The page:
Back in November 2017, a number of prominent Saudi Arabian princes, government ministers, and business people were arrested in Saudi Arabia a few weeks after the creation of an anti-corruption committee led by Crown Prince Mohammad bin Salman. Among them was one of Saudi Arabia's wealthiest men, billionaire Prince Al-Waleed bin Talal, who along with the other arrested individuals was confined in the Riyadh Ritz-Carlton and was only released months later after he pledged an unknown amount of money to the Saudi treasury. While the Crown Prince dubbed the arrests an anti-corruption exercise, it was plain that Saudi Arabia, then facing a gaping budget deficit had engaged in nothing short of a massive extortive shakedown.
Two years later Saudi Arabia is engaging in a similar shakedown, only this time instead of very broad "uses of funds", it hopes to narrow down the extorted money solely for one purpose - to get more "willing" Aramco anchor investors.
And just like in 2017, Prince Al-Waleed - one of the largest investors in Twitter - is once again in the crosshairs.
As Bloomberg reports, one day after China tentatively agreed to invest $5 to $10 billion in the Aramco mega IPO which has so far found precisely zero anchor investors, Saudi Arabia was "negotiating commitments" from its wealthiest citizens to buy stock in the Aramco initial public offering. Translation: MbS gave his oligarchs a choice - invest in Aramco, or spend some more time in the Riyadh Ritz Carlton. Among those Riyadh has reportedly approached include the Olayan family and Prince Alwaleed Bin Talal to low-profile tycoons in the oil producer’s backyard.
Following polite but stern and "convincing" discussions with MbS and his goon squad, the billionaire Olayans, who own a major stake in Credit Suisse, are said to be considering buying several hundred million U.S. dollars worth of Aramco shares, according to the people. Prince Alwaleed - who knows too well what happens if he disagrees with the Crown Prince - has also "held talks" to commit a significant amount to the IPO.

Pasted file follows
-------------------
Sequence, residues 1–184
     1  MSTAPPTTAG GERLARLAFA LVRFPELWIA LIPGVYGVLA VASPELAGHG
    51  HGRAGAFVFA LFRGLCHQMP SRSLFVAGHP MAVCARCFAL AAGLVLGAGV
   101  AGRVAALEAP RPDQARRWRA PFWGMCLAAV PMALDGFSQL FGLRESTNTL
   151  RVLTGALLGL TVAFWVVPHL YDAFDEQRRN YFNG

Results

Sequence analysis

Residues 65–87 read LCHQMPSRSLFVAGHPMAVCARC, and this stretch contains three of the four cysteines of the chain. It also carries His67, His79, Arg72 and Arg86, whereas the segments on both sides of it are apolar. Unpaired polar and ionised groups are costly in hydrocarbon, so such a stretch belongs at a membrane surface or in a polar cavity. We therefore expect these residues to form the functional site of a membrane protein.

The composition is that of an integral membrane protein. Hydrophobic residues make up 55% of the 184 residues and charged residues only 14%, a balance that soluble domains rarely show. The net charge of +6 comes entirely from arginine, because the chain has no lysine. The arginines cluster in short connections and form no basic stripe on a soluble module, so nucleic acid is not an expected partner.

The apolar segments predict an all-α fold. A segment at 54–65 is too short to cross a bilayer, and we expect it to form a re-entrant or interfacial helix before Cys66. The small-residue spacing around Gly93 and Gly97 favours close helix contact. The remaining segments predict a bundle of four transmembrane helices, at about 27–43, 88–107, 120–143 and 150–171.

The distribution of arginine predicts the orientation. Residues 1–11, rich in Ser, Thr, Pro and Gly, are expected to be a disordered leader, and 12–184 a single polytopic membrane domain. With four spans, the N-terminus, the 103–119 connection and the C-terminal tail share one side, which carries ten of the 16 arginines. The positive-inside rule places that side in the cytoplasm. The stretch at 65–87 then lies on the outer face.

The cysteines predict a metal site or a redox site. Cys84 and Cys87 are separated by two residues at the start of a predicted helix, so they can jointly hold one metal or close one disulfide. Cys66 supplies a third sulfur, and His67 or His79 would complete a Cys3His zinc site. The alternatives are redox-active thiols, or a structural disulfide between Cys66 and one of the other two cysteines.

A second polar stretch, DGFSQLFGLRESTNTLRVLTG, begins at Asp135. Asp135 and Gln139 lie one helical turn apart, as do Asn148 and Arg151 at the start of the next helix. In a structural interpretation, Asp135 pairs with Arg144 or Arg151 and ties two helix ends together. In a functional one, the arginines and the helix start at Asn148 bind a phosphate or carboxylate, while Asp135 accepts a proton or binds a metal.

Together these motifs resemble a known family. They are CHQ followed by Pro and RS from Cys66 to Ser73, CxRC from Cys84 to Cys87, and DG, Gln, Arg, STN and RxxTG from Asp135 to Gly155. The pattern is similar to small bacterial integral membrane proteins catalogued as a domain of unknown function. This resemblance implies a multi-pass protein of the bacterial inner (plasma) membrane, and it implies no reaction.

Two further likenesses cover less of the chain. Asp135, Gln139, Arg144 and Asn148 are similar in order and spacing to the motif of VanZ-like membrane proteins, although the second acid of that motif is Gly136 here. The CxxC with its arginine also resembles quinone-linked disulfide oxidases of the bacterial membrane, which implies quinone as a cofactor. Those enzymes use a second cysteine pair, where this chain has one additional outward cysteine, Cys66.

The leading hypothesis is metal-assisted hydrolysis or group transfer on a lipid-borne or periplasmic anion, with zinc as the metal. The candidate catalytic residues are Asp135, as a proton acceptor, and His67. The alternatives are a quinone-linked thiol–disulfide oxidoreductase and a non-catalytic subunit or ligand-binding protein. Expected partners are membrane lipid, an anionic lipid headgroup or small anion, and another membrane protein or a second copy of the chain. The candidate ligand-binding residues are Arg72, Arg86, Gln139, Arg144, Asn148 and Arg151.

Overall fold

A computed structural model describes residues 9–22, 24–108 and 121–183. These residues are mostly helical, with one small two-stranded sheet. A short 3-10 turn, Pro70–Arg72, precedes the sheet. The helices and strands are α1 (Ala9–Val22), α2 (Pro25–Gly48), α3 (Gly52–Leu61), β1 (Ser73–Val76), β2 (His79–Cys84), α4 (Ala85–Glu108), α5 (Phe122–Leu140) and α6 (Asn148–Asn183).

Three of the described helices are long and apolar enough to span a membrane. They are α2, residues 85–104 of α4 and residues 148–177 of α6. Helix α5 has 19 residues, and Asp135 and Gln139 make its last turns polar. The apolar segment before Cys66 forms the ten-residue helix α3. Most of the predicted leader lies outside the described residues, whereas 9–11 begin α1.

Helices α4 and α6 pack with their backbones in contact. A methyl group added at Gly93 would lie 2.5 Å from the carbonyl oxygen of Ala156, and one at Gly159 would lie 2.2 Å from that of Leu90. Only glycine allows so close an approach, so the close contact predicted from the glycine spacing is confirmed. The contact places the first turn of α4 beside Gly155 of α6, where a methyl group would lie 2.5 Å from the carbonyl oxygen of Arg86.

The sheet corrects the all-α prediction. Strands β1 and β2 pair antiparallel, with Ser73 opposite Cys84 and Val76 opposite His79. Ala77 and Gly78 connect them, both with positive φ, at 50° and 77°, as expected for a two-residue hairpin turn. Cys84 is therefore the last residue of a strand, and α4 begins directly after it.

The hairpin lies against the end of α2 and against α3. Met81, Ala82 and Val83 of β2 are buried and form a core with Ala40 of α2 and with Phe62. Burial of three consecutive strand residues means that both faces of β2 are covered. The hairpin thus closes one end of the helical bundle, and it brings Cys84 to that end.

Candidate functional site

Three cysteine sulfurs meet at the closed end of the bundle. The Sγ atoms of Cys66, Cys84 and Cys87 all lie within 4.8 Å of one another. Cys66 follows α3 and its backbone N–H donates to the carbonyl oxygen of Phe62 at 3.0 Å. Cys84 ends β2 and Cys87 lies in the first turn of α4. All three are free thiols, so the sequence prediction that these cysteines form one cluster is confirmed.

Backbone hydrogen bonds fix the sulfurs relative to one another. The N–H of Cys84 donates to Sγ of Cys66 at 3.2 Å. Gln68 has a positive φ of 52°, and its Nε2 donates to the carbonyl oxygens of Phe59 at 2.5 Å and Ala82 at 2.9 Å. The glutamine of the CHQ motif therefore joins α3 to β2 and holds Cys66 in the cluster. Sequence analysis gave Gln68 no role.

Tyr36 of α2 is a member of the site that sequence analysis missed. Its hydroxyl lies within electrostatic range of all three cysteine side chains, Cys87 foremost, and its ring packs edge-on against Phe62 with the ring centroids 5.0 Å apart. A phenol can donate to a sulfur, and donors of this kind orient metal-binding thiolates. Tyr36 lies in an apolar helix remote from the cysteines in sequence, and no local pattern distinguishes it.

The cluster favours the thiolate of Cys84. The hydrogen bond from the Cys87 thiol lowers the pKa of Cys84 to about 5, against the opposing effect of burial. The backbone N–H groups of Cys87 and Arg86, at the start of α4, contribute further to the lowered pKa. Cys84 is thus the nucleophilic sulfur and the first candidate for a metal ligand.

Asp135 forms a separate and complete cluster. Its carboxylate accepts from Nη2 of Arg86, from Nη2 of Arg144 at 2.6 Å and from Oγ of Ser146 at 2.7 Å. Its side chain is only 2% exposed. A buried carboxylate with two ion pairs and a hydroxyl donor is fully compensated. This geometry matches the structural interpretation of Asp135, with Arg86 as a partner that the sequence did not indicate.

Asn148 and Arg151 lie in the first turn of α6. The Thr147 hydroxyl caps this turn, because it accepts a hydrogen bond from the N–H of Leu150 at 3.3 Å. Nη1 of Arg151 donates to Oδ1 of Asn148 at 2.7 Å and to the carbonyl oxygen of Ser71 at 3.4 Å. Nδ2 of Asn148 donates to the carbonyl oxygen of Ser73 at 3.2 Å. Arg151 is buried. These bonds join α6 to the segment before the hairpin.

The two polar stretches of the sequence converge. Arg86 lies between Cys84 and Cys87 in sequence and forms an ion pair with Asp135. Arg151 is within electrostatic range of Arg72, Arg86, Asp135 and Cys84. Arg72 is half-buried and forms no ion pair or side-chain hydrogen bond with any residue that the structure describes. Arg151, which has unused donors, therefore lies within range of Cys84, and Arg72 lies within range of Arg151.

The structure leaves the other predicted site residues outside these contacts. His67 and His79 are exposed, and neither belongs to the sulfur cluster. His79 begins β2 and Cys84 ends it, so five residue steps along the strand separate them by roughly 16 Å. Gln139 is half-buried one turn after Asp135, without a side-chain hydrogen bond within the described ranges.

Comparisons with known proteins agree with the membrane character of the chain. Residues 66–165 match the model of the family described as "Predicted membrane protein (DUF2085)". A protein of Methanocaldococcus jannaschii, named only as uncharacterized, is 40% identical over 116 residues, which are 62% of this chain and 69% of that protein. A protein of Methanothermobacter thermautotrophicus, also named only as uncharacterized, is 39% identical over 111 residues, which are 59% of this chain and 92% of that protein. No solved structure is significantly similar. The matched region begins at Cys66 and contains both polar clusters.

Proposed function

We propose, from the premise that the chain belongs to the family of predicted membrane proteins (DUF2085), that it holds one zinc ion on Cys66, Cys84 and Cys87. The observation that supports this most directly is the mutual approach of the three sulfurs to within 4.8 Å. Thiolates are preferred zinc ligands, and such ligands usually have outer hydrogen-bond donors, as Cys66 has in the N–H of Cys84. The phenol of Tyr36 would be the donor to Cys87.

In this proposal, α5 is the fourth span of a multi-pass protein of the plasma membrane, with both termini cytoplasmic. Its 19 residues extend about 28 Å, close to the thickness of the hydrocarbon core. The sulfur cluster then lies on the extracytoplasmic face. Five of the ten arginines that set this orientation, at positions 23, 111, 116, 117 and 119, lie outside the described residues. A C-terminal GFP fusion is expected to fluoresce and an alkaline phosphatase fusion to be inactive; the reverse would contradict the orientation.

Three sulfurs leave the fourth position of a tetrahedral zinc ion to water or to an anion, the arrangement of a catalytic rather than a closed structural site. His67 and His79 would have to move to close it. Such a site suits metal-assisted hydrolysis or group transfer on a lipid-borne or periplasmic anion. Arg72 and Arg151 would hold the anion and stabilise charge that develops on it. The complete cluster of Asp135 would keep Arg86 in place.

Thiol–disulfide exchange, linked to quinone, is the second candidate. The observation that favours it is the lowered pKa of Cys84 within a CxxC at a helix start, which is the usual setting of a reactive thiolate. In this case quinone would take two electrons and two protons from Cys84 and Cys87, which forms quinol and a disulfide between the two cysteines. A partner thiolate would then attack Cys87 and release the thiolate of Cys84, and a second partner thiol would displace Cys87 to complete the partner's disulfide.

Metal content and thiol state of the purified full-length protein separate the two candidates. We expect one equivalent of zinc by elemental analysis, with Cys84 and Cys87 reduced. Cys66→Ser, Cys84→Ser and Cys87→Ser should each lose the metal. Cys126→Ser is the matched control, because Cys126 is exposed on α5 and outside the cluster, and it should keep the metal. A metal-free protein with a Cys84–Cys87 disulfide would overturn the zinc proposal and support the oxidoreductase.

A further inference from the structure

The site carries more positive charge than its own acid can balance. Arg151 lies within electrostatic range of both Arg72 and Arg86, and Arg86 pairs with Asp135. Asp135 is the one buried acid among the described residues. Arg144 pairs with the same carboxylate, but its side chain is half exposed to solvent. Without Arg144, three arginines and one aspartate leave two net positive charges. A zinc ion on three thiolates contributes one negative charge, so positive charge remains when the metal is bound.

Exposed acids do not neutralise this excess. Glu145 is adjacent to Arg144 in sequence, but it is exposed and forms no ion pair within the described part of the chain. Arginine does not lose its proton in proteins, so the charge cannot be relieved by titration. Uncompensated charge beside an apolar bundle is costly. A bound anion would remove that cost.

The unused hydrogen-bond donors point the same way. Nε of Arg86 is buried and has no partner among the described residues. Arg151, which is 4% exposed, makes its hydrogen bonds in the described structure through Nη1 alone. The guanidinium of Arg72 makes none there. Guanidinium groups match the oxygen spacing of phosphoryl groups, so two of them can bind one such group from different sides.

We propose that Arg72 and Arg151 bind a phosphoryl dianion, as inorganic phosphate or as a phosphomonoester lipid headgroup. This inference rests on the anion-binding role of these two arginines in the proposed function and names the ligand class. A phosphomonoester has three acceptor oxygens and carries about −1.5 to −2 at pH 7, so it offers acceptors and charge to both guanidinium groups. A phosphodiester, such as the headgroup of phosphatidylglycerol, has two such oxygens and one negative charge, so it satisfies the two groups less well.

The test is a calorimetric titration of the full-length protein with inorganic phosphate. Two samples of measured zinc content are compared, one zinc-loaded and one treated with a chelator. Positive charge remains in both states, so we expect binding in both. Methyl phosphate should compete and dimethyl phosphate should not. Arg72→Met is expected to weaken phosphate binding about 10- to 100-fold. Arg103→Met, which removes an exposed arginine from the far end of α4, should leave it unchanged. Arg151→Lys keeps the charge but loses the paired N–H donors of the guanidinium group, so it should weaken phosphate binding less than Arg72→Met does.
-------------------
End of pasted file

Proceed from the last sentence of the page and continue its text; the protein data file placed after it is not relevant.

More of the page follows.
Many others have also been ordered to "volunteer" their funds for the upcoming IPO according to Bloomberg: Aramco representatives have been seeking an investment from the Almajdouie family, whose businesses range from distributing Hyundai cars in the kingdom to a large logistics operation. They have also approached members of the Al-Turki clan, who are involved in fields from real estate to general trading, food distribution and ports.
Even though Bloomberg claims that so far there’s no certainty the wealthy investors will place orders, we beg to differ and suggest that when told by the government to buy, they will buy... and will do so at any valuation, even an insane one. Saudi Crown Prince Mohammed Bin Salman has long insisted the state oil company is worth $2 trillion, a figure that many Western fund managers have balked at, with some proposing a valuation as low as $1 trillion (or less, depending on the price of oil).